Saturday, January 24, 2009

Guest Blogger, Under the Winter Snows

I am happy to introduce a guest blogger from the Upper Valley health practitioner community, Sylvia Newberry. Here are her insights into the bounty that awaits us under the snow.

Under The Winter Snows

This information suggests ways to promote and maintain health.
It is not intended to take the place of personalized medical counseling,
diagnosis, and treatment from a trained health professional

I know that we are in the depths of a New England winter. And I can tell, not by how high the snow is piled or how low the thermometer is reading, but by the number of seed catalogs that have arrived in my mailbox. I savored my cup of coffee this morning while thumbing through the pages filled with brightly colored flowers, fruits and vegetables, and everything and anything it might take to grow them. The sun shining through the window was not exactly spring-like, but at least it provided some warmth.

The catalogs bring the hope of warm weather, but I remind myself during this time of cold and white, that there are an abundance of green friends that are not dead, but dormant. Merely sleeping out of sight. There is a spot not far from the steps I use to enter and exit my house that holds a patch of chickweed (Stellaria media). In the midst of the mid winter thaw, usually in February, the banks of snow will recede ever so slightly, and there will be a vibrant green plant, ready to burst into bloom. It is so different from what most of us expect, that if we don’t stop and look, we miss it. Plants are not “supposed” to grow under the snow during a Vermont winter.

For those of you even remotely familiar with “beneficial weeds”, the name chickweed probably rings a bell. The plant, in most places, grows close to the ground, forming a mat of tiny verdant leaves offsetting equally tiny white star shaped flowers. It grows best in weather that is cool and moist, but will hang on in a less vibrant form throughout the summer and give one last burst of fresh green as autumn closes in on winter. The plant itself has many healing properties which it is willing to share with those of us who stoop to notice and are willing to set aside our “certainties” about what will and will not contribute to our health and healing. The whole plant can be eaten, either added raw to early spring salads, or lightly steamed or quickly sautéed in a bit of olive oil and garlic. In this way, it becomes one of the earliest spring tonics, filled with an abundance of vitamins and minerals, packaged in an edible form that makes the nutrients readily available to the human body.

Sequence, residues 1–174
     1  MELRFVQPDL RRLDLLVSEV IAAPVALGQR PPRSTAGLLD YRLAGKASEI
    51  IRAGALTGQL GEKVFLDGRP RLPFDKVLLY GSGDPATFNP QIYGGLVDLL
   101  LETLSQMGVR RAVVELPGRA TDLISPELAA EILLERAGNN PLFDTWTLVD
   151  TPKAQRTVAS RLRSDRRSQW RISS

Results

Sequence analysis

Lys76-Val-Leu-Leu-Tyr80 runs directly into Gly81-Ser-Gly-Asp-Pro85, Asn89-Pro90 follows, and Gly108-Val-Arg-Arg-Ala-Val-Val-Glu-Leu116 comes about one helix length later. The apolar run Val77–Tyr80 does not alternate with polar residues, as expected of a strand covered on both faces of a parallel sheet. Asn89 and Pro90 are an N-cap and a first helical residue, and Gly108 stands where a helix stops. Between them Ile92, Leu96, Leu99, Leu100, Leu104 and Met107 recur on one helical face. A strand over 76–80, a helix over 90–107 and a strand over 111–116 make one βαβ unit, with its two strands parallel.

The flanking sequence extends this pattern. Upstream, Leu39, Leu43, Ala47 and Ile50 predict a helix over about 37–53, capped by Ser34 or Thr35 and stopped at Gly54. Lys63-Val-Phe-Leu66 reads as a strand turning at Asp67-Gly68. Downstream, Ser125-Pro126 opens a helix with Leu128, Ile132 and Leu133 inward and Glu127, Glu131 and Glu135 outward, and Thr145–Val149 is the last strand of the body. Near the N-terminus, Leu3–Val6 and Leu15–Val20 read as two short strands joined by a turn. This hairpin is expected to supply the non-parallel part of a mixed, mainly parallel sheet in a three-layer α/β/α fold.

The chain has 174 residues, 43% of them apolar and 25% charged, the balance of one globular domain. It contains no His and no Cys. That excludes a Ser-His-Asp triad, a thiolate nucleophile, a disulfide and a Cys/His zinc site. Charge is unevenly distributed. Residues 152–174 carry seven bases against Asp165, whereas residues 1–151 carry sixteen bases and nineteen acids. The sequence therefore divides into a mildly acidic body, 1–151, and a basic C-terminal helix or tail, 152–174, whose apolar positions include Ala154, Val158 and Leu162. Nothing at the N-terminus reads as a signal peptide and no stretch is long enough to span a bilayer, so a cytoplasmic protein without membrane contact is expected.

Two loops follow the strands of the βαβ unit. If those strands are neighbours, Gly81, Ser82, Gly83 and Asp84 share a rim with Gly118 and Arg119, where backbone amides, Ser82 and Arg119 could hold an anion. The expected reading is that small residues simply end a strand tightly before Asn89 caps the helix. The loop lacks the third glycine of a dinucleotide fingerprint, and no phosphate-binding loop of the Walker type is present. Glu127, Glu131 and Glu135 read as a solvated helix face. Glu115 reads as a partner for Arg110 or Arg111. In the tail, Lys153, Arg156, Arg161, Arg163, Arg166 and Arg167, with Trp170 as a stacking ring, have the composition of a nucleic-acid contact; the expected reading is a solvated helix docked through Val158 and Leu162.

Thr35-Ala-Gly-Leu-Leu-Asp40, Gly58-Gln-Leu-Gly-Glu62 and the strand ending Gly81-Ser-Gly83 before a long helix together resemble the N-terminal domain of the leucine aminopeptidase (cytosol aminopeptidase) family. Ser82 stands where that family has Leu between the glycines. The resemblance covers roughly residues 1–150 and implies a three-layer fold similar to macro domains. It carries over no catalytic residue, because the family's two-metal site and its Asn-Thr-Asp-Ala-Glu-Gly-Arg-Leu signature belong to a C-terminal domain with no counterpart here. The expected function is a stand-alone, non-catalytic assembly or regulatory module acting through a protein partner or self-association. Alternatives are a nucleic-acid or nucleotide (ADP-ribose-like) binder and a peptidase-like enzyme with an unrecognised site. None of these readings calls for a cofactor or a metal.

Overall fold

The fragile plant structure does not lend itself well to drying. You will find dried chickweed for sale where dried herbs are sold, but even stored under ideal conditions, it gives up it beneficial properties rather quickly. To preserve the healing properties for use “out of season”, it is probably best to harvest, clean, allow to the plant material to wilt over night and then chop it up and cover it in alcohol, unpasteurized apple cider vinegar, vegetable glycerin, or a vegetable oil such as olive or sweet almond oil depending on your intended use. I leave my jars of green-floating-in-liquid sitting on the kitchen counter where I can pick them up several times a day and give them a gentle shake. I let them sit for a couple of weeks, watching the liquid, or menstrum, picking up the coloring from the plant material. I know from study and from personal experience that the vital elements contained in the plant are also being transferred to the liquid. And when the time has passed and I have a day with a bit of free time, I pour the liquid through either an unbleached coffee filter or several layers of cheesecloth into a strainer and eventually into a colored glass bottle, carefully applying a label and giving it a place among other similar looking bottles on the shelf.

What do I use the chickweed tinctures and oils for? Herbal medicine teaches that chickweed is a tonic and a “mover” and “cleanser” of lymph fluids throughout the body. It is gentle and yet powerful in helping to create balance where it has been disturbed by illness or just oversight or neglect. Chickweed infused oil is a wonderful addition to healing salves. I often combine several herbs in the all purpose salves that I make. Chickweed is the soothing ingredient that provides moisture and brings the vitamins and minerals needed for cell repair right to the place where they are needed. I was skeptical when I first began to use herbs in this way. But I have had enough experience with healing wounds, either fresh or long term non-healing ones, to have set that skepticism aside. Call it what you will, the medicine in plants is both gentle and tremendously strong and effective.

So, when you step out your door into the cold, Vermont winter air, look down at the ground all around you and just imagine what green plants are sleeping there, waiting for the snow to begin receding ever so slightly. Look closely when that time comes and see what you can discover.

Sylvia Newberry worked as a registered nurse for more than 30 years. She currently has a healing practice where she offers energy work, guided imagery, and medicinal herbs. A Reiki master, she offers all levels of attunement to both groups and individuals. She teaches classes about the common, safe healing plants, identifying, growing, and how they can be effectively used. Her website is and you can leave her a message at The Healing Arts Clinic in Windsor, VT 802-674-7037.

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